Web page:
Since I arrived to the U.S nobody ever pronounces my name correctly. Mijail (pronounce Me-Ha- Eel). But it's annoying to explaining it every time or hear how it's mispronounced around new circles constantly. I use Misha now, it's easy but sometimes they sent me checks as "Misha" too which has no use in the bank. I don't know if I should go all the way with my nickname or just use my actual name and look for a system to explain it. Any thoughts?
I lived in the US for 28 years before returning to Russia. My name is not easy for Americans to pronounce (anything outside of the Anglo-Saxon standard names seems to fit that category). Short version of Stanislov is Stas, so I went with that for them, but I never would change my name. Take pride in the name you were given and the culture you came from.
Your parents gave you that name and you have it for a reason. Just because others don't pronounce it just right is no reason to throw away your culture. Oh and Misha is the short Russian version of Michael, if you americanized it, it would have to be Mike.
As an American named "Joseph", I went by José (Spanish version) in elementary school and يوسف / Yusuf (Arabic version) when I lived in Egypt. In the military, I was "Peterson" or "Sir". Some people call me "Joe" even though I never refer to myself that way, but I don't insist on a name. Names aren't for me; they're for other people's convenience.
You can have your cake and eat it too. When you introduce yourself to someone, give them both options -- the authentic Mijail and an easier Americanized version such as Mike. Some Americans will struggle with the pronunciation of Mijail and opt for the simpler, more familiar substitute. Other Americans will enjoy the opportunity to learn and adapt. They can try Mijail.
I see no reason to rigidly insist on a single name. Nor do I see any need to abandon your culture here in the USA. Introduce yourself with a two-fold name, as a choice, depending on the other person's comfort level.
I work with two people who write their names in the form Mijail "Misha" Lastname, or Mijail (Steve) Lastname. Even the "from" field of their emails reads that way. I like this solution, in that it tells you what to call the person, but makes it clear what the person's legal name is for check-writing (and maybe internet searching) purposes.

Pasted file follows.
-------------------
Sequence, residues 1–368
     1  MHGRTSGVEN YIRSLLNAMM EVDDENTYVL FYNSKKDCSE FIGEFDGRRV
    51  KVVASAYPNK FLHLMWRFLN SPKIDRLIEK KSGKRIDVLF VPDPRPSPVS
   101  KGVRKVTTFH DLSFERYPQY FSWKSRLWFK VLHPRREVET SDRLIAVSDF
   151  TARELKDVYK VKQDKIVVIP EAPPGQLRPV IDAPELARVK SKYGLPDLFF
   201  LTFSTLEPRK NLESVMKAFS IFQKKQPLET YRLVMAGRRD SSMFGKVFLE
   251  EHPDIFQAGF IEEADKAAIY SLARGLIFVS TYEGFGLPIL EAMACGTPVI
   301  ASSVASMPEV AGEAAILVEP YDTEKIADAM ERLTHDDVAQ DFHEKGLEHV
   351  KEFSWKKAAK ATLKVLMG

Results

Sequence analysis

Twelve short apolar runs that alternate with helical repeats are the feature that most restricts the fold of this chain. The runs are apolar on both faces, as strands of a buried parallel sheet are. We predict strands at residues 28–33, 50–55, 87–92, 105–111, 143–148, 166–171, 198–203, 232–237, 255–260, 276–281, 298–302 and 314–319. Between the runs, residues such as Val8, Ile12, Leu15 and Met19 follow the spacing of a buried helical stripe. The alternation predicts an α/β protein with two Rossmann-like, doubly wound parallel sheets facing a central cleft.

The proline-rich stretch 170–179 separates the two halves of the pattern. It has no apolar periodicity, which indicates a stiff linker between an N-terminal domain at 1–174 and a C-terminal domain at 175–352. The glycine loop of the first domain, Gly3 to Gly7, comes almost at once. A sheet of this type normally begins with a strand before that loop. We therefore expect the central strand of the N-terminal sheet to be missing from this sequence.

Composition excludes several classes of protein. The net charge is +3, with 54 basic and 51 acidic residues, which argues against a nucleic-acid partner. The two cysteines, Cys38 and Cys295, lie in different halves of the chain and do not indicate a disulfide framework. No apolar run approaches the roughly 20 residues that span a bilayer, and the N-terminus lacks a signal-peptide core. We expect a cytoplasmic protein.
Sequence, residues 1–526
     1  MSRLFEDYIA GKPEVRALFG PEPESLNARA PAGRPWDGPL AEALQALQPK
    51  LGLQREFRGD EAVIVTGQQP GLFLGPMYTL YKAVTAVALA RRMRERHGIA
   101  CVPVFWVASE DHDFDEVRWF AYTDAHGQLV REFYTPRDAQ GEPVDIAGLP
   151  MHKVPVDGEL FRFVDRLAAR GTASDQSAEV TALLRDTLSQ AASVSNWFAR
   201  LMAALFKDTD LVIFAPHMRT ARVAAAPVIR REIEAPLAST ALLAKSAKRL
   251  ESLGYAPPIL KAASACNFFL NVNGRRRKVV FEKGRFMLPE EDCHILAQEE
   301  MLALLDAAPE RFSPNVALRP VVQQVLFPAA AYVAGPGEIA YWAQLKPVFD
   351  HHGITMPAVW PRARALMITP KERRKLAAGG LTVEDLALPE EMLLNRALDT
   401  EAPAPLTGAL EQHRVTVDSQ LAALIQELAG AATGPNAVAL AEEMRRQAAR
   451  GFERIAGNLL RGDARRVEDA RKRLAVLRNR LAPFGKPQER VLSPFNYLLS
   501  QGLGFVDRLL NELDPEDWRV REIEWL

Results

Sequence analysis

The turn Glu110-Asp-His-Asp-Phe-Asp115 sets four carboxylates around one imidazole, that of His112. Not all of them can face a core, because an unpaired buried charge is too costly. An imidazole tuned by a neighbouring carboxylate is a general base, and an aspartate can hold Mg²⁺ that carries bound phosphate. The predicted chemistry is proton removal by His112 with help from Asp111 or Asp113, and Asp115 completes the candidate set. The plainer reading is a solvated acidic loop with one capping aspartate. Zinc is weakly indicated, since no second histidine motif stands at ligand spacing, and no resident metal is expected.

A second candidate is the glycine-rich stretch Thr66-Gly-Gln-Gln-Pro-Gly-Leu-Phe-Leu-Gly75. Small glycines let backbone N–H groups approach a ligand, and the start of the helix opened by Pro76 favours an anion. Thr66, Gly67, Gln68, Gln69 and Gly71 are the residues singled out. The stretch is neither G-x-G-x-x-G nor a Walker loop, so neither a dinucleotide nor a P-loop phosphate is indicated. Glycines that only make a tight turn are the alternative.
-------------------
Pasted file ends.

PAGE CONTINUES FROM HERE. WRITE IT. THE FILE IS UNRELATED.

Hi, Mijail (did I say that right?) Your question is specific to business, and so I'm answering in that capacity. Yes, I think you should choose an "American Business" name. In the marketplace, having to explain, spell, and re-pronounce your name is as counterproductive as having to do that for your product or corporate name. "Misha" is okay, but it's a half-measure. Unless you're building a business that is somehow built off of your own personality and identity, then you probably want your own personal name to fade into transparency in your business interactions.
Your last name is probably different or interesting enough to keep you from fading into the ocean of Mike Smiths and Bob Johnsons in the US. I was always proud around the office that I could spell and rattle off the name of my old associate Andrzej Olszewski, but the reality was, in business, he went by "Anj", and took up space on his business card to articulate the pronunciation (an-jay). The fact that he is a naming and branding expert almost made it a positive conversation point for him, but he was usually working within corporate structures where his "exotic" background as a scholar from Poland was a big plus. But if you're an independent business person or founder or salesman, or have any other kind of role where you're introducing yourself and needing other people to be able to talk about you and to you and remember your name, and your personal identity is a critical part of your brand, I think you should go all the way with a name that works just like the name for a product or company - simple, easy to spell, clearly understood on the phone, handy to use in conversation. And so, if you're going to use something besides your name, go all the way to the client and make it useful and handy for *them*, just as you would a product name.